You're in the UK, do you know what your equivalent USDA gardening zone would be? On the updated USDA map I'm in 8b...I was straddling 8a/8b prior to the update. I'm curious about it especially in regards to your drosera seed planting timing. Thanks for the feedback!!!

We also have something similar over here with regard to Easter, the plant nurseries know that it's a bank holiday for us, so for a few weeks before they have bedding plants hanging baskets, etc up for sale and everyone goes crazy, buys them and plants them, then as you say the frost hits them and they have to start again. Every time no matter when Easter occurs.
From what I can gather from the somewhat variable hardiness maps of the UK, I am in zone 8, probably 8B in these days of global warming, and I find that out in my bogs, there are a plethora of seedlings that just self-set themselves from flowers that I have missed collecting in autumn. So rather than do a fridge stratification I thought I need 8 weeks or more of cold wet stratification, so I plant them in December on a very wet medium, and they are ready to go from March but don't normally appear till May. The porch is attached to the house and is glazed so acts as a mini greenhouse but gets cold with the level of cold being tempered by the heat from the house. then in March they go outside to my unheated greenhouse where they sit till they decide its time to grow.

As seeds, they do get frozen on occasion, but not frequently, but with them being cold they don't germinate till after the frosts so the seedlings seldom get frosted till year two. But the seeds outside in the bogs, have no protection from wind, rain, frost, snow etc, and seem to grow very well.

I start the drosera seeds off later as they are smaller and would probably have a larger failure rate if left all winter in the cold/wet.

Cheers
Steve
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By Intheswamp
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Joined:  Wed May 04, 2022 2:28 pm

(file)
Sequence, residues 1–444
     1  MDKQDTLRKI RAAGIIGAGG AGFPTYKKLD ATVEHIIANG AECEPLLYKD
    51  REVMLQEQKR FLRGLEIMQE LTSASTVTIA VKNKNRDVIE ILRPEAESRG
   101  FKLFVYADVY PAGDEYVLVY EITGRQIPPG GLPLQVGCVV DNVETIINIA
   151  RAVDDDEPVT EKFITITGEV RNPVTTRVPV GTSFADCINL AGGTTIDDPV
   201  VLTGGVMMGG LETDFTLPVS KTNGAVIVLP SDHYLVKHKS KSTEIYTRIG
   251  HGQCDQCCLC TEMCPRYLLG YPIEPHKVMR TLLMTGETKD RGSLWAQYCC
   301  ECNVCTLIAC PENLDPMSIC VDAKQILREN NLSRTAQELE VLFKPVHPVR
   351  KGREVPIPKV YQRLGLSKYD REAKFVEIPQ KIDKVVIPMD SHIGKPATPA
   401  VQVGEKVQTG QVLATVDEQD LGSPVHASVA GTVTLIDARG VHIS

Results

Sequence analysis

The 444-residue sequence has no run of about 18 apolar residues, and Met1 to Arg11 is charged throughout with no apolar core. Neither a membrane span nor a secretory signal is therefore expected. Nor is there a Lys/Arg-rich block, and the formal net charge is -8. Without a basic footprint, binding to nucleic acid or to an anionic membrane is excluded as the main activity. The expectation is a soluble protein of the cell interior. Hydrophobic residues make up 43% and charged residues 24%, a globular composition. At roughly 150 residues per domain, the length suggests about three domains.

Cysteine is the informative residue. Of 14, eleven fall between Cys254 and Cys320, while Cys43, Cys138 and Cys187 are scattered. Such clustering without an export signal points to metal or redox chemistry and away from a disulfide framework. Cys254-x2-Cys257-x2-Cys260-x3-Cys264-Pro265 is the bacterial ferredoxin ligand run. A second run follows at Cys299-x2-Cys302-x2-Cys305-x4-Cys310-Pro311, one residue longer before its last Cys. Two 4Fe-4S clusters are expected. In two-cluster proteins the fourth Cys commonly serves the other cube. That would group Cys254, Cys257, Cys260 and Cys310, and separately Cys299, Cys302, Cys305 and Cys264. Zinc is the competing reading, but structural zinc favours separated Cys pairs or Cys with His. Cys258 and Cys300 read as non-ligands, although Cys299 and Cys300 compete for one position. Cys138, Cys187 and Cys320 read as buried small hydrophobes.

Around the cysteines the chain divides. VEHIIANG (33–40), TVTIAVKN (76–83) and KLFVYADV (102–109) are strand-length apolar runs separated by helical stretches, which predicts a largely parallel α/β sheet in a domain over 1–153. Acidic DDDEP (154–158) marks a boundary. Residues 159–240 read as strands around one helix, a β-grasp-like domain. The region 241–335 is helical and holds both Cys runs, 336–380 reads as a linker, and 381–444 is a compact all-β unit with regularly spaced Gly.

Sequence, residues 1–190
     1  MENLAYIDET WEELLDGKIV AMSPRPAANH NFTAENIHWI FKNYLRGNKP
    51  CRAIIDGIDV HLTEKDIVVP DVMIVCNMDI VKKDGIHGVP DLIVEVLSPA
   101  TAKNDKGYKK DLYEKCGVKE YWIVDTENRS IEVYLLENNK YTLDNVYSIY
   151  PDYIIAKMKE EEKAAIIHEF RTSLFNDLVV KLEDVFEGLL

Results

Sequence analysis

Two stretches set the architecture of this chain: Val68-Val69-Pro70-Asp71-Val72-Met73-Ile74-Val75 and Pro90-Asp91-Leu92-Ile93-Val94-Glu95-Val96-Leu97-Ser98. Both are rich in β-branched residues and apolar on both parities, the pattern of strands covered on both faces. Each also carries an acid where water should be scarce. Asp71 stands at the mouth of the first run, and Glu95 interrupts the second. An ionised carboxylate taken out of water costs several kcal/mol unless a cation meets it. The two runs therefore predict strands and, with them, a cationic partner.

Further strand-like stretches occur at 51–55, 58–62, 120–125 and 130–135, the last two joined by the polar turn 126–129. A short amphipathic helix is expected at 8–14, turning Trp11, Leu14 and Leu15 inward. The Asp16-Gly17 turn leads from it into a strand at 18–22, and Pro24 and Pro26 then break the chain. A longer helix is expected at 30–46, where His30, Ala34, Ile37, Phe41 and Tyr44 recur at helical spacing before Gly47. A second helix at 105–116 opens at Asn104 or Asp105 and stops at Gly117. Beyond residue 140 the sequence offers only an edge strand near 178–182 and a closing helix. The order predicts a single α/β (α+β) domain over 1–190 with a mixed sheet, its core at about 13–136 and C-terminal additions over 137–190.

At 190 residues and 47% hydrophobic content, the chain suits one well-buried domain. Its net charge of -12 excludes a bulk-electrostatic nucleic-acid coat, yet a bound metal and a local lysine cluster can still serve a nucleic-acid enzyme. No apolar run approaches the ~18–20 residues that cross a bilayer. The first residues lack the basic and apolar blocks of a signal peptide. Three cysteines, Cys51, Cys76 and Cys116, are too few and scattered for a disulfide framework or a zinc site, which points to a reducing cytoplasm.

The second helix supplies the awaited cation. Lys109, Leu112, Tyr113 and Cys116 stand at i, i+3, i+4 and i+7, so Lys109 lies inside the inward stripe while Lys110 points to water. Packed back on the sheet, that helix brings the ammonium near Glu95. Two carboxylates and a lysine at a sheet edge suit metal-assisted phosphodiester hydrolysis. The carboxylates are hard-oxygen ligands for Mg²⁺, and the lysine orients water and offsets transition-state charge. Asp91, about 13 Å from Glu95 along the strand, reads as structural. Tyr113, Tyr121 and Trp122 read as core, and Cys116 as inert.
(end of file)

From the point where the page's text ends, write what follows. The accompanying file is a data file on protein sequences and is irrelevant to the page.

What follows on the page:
#443877
Thanks for the feedback, Steve. It sounds like we're in much similar temperature climates. No greenhouse, per se, here...just a room in an old trailer with grow lights. It's sounds like the volunteer plants are doing what comes natural in the outside bogs. I'm trying to grow mostly plants in my area, including leucos and leuco crosses along with S. Alabamensis and its cousins. Nothing big time, and I'm beginning to think I really don't know what I'm doing. :roll: But, I keep trying! ;) The sarracenia that I mentioned are temperate plants and, from what I've read, the leucos only require roughly four weeks strat time...I've even read that going to six weeks and longer can be counter-productive resulting in a lower germination rate. So maybe start stratification for these around February? I guess I'm a newbie trying to be an expert, or something. :oops:

I may go ahead and prepare some pots for planting and stick them outside in one of my wire cages (squirrels are terrors!). As for the drosera, I can see how they might have a difficult time outside....tiny seeds getting washed down into the moss/whatever in a bog situation. Maybe outside in a controlled setting (maybe a clear rain cover) they'd do okay. My interest with them are tracyi, a few of the Florida varieties of filiformis. The small rosette types here are capillaris and brevifolia...a perennial and an annual/biennial(?) type.

Thanks again for the feedback, Steve, much appreciated!